Amazon Simple Queue Service (SQS) is a scalable and reliable messaging framework that makes it simple to create, store, and retrieve text messages. You can use it as a base for gluing together your Amazon Web Services-based applications. Using SQS is a great way to build Web-scale applications that are truly decoupled. You pay for the messages based entirely upon your usage. The whole queuing framework runs inside the secure environment of Amazonâs own data centers.
Some features provided by SQS:
- SQS is designed to store the messages redundantly across multiple data centers and to make them available at all times.
- The programming model for accessing and using SQS is simple and can be used from a variety of programming languages.
- SQS is designed to provide a high level of security. Access to messages is restricted to authorized users.
- SQS gives you the ability to create queue-based applications that can read and write unlimited messages, with no restrictions or limits.
- SQS rates make it a very economical and compelling alternative for your messaging needs.
The rest of this section explores the concepts that underpin the SQS framework.
Messages contain text data up to 8 KB in size. Each message is stored until it is retrieved by a receiving application. A visibility timeout value, in seconds, is specified when the receiving application reads a message from a queue. This acts more like a lock and ensures that, for the specified time period:
- The retrieved message will not be available to any other consumer of the queue.
- The message will only reappear in the queue when the timeout period expires if, and only if, it has not been deleted by the reading process.
Messages are retained in a queue for four days.
SQS will automatically delete any messages that have been in your queues longer than four days. SQS follows the model of "eventual consistency," meaning you can send a message to the queue, but a consumer of that queue may not see the message for some significant period of time. The message will eventually be delivered, but this is an important consideration if your application cares about the order of the messages.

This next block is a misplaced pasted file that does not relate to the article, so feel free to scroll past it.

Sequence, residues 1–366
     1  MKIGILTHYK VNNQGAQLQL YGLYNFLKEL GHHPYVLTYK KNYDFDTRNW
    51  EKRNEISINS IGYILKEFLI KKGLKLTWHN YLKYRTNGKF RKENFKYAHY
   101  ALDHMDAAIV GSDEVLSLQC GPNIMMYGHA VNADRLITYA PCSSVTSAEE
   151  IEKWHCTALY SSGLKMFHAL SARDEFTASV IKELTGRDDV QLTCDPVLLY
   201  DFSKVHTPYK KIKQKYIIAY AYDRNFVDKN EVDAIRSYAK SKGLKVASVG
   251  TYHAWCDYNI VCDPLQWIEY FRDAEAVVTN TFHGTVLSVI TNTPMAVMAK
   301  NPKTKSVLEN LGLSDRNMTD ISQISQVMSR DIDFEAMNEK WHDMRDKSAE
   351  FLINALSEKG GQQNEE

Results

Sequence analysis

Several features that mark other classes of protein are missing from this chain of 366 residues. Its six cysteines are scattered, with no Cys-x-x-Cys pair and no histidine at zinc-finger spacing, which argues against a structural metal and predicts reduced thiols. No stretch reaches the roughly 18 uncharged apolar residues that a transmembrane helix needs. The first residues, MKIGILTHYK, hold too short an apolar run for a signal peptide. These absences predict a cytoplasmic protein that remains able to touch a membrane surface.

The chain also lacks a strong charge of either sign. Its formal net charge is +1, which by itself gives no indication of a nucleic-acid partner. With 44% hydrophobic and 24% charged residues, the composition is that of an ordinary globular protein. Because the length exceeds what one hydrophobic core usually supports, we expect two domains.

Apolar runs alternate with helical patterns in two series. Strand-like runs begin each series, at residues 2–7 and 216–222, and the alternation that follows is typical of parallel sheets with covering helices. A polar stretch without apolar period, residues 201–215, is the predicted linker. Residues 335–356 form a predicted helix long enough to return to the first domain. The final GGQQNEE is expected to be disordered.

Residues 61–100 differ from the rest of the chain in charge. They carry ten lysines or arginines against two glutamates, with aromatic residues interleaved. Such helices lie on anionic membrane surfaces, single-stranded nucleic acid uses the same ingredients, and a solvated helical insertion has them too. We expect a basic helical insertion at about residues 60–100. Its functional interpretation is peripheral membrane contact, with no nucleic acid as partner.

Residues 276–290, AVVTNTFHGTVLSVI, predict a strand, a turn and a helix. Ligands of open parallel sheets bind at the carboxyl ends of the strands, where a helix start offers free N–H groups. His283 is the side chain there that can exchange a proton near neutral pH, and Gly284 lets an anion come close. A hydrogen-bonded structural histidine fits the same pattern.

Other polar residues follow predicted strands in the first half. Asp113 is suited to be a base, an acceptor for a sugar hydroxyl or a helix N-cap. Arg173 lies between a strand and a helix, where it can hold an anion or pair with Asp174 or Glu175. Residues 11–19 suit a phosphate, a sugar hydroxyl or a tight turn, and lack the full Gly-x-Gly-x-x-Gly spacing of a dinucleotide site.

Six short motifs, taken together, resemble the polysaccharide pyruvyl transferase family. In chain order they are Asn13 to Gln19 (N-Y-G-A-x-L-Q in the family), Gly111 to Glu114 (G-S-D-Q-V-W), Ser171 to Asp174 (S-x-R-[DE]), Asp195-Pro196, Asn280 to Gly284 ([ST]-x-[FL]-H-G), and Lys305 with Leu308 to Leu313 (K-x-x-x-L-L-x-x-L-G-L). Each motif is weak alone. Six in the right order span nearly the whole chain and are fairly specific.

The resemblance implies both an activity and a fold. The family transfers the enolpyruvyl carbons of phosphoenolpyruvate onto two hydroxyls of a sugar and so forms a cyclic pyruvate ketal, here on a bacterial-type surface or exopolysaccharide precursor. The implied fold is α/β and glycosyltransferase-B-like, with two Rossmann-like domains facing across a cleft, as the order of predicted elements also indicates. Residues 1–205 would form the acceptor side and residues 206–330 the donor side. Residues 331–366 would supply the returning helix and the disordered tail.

A message consists of the parts shown in Table 1.
Table 1. Parts of a message
|MessageId||A unique ID that references the message.|
|ReceiptHandle||A unique handle that's returned when a message is received from a queue. This handle is different each time you receive a message from the queue. It is required when you delete the message.|
|MD5OfBody||The MD5 digest of the non-URL-encoded message body string.|
|Body||The actual message data.|
Queues are containers for the messages. Each message must specify a queue that will hold it. Messages sent to a queue remain on the queue until you explicitly delete them. The ordering of the queue is first in, first out, but the order is not guaranteed. Each queue has a default visibility timeout of 30 seconds. You can change this value for the entire queue, or it can be individually set for each message on retrieval. The maximum visibility timeout for a queue or message is two hours (7,200 seconds). SQS reserves the right to automatically delete queues if there has been no activity in the queue for 30 consecutive days.
SQS is a little different from the common queue frameworks. There are three things you must consider before designing your SQS-based applications:
- SQS does not guarantee order of the messages in a queue.
The messages are loosely ordered in the queue; they are not really stored in the order in which they are added to the queue. SQS will try to preserve the order in messages, but it is not guaranteed that you will receive messages in the exact order you sent them. If the ordering of messages is important to your application, you need to add sequencing data to each message.
SQS does not guarantee deletion of a message in the queue.